Saturday, June 30, 2012

The Transcendental Interferer

Looking back on his pre-Christian hatred for the idea of being a Christian, C.S. Lewis once wrote this:

"No word in my vocabulary expressed deeper hatred than the word Interference.  But Christianity placed at the center what then seemed to me a Transcendental Interferer."

Lewis found Christianity's idea of complete surrender and obedience to Christ to be obnoxiously intolerable.  Why can't Jesus just mind his own business?  Lewis continued:  

"If its picture was true, then no sort of 'treaty with reality' could ever be possible.  There was no region even in the innermost depth of one's soul (nay, there least of all) which one could surround with a barbed wire fence and guard with a notice No Admittance.  And that was what I wanted; some area, however small, of which I could say to all other beings, 'This is my business and mine only.'"

Lewis wanted to belong to himself.  He wanted to be his own.

Funny... years later when he wrote his autobiography and came to the chapter that recounted the story of his conversion, he put an epigraph / inscription at the head of the chapter.  It simply read: "The one principle of Hell is -- 'I am my own.'"

The title of the conversion chapter is "Checkmate."

Why can't Jesus just mind his own business?  The truth is he is minding his own business.  By God's grace I am his business.  And so are you.  The Father sent the Son to interfere with the certainty of our sins leading to death, judgment, and hell.

Thanks to the Transcendental Interferer, all my sins have been paid for.  I'm completely forgiven.  I am not my own.  I belong to Christ.  Body and soul.

And indeed, this is my only comfort in life and in death.

Heidelberg Catechism, Lord's Day 1:  What is your only comfort in life and in death?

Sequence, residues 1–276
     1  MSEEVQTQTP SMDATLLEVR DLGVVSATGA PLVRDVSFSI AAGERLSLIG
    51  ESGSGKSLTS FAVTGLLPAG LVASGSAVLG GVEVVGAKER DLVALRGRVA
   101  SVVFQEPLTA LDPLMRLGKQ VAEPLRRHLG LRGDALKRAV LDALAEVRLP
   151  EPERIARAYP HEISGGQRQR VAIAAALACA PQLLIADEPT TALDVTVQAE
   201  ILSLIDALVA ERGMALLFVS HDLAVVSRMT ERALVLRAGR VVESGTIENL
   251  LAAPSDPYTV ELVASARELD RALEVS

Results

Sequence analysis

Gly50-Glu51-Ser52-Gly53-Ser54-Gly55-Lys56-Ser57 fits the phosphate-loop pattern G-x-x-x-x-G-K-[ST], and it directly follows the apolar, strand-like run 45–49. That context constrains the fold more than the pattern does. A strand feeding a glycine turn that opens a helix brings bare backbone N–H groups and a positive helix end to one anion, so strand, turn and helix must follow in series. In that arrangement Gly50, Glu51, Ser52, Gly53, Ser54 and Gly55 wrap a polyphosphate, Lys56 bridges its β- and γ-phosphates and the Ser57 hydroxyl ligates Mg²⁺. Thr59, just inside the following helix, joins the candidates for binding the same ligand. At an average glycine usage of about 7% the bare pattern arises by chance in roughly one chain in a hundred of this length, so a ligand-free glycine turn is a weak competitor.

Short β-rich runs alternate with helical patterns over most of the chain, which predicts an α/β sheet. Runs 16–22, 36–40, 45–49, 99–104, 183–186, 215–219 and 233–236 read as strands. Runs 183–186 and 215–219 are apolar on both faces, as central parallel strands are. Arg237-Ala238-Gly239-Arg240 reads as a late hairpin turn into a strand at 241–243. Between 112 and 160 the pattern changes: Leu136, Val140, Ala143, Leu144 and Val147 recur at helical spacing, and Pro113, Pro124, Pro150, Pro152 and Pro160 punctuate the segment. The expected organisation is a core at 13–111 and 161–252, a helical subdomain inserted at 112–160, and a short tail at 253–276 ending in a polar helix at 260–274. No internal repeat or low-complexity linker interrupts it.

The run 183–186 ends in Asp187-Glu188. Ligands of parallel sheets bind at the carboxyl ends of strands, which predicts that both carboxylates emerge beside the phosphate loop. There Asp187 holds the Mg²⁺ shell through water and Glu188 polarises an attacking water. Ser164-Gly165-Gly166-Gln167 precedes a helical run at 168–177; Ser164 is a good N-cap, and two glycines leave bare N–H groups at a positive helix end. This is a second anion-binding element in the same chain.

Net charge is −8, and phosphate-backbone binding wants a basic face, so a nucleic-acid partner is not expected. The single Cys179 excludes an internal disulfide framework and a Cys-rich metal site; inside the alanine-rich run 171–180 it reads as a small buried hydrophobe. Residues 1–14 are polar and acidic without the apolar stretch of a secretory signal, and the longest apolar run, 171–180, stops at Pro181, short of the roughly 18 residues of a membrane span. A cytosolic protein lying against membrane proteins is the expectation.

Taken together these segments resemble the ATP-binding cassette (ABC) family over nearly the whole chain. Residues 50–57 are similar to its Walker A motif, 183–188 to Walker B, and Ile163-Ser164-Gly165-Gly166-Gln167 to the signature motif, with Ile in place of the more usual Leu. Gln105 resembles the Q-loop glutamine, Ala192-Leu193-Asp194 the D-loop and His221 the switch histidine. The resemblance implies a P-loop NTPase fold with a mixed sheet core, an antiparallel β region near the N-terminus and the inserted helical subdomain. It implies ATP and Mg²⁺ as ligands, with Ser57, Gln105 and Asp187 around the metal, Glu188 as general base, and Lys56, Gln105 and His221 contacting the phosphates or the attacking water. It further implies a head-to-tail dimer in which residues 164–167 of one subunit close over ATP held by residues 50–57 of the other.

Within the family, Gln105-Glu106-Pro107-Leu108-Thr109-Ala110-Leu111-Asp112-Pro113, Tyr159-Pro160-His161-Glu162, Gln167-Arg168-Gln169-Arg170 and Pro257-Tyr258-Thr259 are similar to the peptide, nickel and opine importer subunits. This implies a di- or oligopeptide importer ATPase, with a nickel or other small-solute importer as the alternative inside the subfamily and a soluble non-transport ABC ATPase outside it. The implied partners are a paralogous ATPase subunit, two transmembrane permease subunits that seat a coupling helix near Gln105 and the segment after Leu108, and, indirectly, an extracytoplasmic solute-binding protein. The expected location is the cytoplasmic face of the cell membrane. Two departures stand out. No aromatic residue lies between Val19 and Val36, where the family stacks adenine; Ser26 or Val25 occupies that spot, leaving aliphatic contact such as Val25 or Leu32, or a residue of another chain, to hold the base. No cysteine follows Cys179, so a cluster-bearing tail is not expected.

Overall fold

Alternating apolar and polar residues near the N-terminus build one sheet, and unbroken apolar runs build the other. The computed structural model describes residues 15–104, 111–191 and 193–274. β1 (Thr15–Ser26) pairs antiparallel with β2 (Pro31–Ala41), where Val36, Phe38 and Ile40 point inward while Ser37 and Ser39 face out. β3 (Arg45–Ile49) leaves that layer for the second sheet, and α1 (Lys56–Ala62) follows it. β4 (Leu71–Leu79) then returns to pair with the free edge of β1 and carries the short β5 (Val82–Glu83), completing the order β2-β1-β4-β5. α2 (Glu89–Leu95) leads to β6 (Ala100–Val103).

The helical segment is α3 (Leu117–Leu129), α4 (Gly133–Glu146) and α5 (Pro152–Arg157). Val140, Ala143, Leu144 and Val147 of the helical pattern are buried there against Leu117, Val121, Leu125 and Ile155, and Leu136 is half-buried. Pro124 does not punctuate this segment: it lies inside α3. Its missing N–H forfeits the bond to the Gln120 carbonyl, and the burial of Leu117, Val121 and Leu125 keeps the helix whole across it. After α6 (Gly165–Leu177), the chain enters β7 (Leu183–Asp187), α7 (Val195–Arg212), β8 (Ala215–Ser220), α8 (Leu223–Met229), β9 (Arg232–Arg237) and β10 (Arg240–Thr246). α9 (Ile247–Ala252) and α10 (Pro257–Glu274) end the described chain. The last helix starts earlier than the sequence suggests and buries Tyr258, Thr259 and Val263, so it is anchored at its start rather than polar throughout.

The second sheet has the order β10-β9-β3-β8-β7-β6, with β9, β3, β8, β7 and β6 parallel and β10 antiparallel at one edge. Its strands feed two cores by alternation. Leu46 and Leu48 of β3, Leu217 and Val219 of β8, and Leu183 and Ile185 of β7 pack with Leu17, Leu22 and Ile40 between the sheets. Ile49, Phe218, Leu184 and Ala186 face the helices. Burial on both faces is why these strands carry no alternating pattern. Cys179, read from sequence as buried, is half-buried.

That I am not my own, but belong—body and soul, in life and in death—to my faithful Savior, Jesus Christ.  He has fully paid for all my sins with his precious blood, and has set me free from the tyranny of the devil.  He also watches over me in such a way that not a hair can fall from my head without the will of my Father in heaven; in fact, all things must work together for my salvation.  Because I belong to him, Christ, by his Holy Spirit, assures me of eternal life and makes me wholeheartedly willing and ready from now on to live for him.
Tomorrow morning at DPC we'll be speaking more about Heaven's Transcendental Interferer and what his interference means for us.

Tuesday, June 26, 2012

Am I a Soldier of the Cross?

Whenever I read the last part of 2 Corinthians 11 and am reminded of the sufferings endured by the Apostle Paul for daring to proclaim the meaning of the cross of Jesus Christ, I am convicted again of that sin which is probably very near the heart of the general lameness that often plagues the life of the American church in our generation... and that is an idolatry of my personal comfort and an overall sense of entitlement.

This is "Generation ME," after all.  And the defining characteristic of Generation ME is an obsession with ourselves, our personal comfort, and a strong sense of entitlement to things we've never earned.

I'm tempted to list examples and illustrations, but just take a glance at your favorite news outlet.